Pig. 291.— The female prothallinm
of Gymnosperma, shown in a long^iia>
dinal section of the ovnle ( x about
15 ; diagrrammatic) : u integument ;
m micropyle. K Niicellus (macrospo-
rangium). B Bmbryo-sac (macro-
spore); e female prothallium (endo-
sperm), in which are situated, towards
the micropyle, two archegonia, c,
with neck H; ps pollen-tube entering
the neck of the left archegonium;
p pollen-grain seated on the apex of
the nucellus.

Digitized by





the four so formed divides again, so that eight nuclei are formed,
four at the micropylar, and fonr at the chalazal pole of the
macrospore ; one nneleas is then conveyed from each pole to-
ward the centre of the macrospore, where the two nuclei meet
and fuse into one which is termed the definitive nucleic of the
macrospore or embryo-sac. Three nuclei now lie at each pole,
and around these aggregation of protoplasm takes place, so that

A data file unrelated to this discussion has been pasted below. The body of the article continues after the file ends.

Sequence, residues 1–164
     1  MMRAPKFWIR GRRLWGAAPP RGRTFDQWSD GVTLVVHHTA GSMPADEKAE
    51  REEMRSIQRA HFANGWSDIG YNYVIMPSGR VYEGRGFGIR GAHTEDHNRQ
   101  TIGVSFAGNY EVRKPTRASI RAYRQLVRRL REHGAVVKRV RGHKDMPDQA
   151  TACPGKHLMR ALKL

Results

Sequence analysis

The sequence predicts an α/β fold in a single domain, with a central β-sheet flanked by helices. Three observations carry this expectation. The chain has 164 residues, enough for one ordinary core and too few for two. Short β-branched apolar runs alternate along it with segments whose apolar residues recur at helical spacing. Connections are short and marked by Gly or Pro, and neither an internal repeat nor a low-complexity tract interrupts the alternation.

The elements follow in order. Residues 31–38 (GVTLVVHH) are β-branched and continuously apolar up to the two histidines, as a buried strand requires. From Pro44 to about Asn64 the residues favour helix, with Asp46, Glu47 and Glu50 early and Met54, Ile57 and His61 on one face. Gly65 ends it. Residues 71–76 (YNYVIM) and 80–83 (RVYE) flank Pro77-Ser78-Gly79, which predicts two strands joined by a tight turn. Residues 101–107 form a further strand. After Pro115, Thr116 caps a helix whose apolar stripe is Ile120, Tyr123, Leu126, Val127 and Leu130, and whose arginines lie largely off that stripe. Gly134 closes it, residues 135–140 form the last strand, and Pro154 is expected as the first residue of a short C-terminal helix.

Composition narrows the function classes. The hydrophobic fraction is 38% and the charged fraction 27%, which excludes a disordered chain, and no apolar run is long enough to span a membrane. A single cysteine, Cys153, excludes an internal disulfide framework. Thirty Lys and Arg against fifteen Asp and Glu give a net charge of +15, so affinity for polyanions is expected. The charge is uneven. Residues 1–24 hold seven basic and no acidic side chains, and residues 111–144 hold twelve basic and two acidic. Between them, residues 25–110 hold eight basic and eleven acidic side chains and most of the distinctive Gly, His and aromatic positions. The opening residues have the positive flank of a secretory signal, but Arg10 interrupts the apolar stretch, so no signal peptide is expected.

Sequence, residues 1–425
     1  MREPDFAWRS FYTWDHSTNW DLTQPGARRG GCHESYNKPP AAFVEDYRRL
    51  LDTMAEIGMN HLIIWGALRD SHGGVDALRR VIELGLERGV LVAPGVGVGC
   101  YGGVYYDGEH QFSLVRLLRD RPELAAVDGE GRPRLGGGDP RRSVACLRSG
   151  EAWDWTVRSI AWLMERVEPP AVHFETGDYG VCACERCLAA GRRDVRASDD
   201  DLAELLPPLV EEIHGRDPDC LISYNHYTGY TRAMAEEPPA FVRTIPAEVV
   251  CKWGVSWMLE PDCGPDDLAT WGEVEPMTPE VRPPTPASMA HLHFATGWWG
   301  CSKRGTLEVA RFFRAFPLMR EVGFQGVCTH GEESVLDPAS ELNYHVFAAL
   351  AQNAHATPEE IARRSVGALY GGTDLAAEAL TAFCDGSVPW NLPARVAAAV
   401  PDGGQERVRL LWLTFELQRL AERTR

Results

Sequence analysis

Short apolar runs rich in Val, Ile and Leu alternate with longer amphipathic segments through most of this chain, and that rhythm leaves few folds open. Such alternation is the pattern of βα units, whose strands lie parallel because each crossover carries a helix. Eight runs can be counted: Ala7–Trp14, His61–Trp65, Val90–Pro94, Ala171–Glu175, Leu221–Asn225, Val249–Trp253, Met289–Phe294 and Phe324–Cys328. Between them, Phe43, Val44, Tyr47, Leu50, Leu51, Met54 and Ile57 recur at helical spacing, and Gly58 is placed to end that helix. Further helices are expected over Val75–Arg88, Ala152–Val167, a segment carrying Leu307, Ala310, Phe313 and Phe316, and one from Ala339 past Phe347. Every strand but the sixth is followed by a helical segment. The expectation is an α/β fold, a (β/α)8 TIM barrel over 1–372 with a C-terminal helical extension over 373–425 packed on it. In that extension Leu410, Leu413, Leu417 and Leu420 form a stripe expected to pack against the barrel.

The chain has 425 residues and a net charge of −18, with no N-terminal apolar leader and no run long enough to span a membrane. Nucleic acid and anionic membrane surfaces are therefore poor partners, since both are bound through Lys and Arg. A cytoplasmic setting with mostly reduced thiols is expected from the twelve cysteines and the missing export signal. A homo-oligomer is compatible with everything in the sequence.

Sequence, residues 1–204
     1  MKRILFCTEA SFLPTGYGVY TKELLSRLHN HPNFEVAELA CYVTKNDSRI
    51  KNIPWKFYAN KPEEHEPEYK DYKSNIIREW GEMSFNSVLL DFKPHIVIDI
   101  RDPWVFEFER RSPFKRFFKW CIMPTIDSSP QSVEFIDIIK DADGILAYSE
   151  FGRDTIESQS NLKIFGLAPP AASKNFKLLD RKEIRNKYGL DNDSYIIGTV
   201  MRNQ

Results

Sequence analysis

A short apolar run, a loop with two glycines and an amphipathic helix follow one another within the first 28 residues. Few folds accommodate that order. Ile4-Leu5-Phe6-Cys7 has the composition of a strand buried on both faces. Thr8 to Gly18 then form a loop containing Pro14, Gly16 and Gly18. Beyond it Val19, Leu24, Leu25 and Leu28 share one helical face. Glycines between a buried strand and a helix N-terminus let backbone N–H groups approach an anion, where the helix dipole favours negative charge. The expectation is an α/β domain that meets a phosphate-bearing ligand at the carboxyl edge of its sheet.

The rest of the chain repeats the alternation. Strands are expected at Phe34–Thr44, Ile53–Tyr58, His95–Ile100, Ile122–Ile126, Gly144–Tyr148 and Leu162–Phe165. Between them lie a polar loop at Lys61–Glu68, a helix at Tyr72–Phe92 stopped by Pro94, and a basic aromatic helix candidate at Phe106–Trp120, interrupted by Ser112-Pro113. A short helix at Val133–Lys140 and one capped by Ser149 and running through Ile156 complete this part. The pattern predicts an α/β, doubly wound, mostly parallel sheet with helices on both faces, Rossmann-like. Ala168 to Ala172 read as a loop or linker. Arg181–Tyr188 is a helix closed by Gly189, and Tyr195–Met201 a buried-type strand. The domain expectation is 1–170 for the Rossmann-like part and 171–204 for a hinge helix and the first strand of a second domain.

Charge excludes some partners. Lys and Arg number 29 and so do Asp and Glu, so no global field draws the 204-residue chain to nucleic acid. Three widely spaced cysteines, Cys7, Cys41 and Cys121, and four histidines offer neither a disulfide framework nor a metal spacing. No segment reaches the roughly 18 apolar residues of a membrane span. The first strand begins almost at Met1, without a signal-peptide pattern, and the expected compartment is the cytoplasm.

cells are formed : those at the chalazal pole soon acquire a cell-
wall, and are termed antipodal
cells: those at the micropylar
end do not form any cell- wall ;
one of them is the female re-
productive cell or oosphere,
the other two are sterile
(though in rare cases they
are fertile), and are termed
the syfiergidce, the three to-
gether constituting the egg-
apparatus. This is the extent
to which the development of
the female prothallium takes
place previously to fertilisa-
tion. In most Angiosperms
the structure of the prothal-
lium is completed by the for-
mation, after fertilisation has
taken place, of additional cel-
lular tissue : this process is

Online LibrarySydney Howard VinesA student's text-book of botany → online text (page 44 of 83)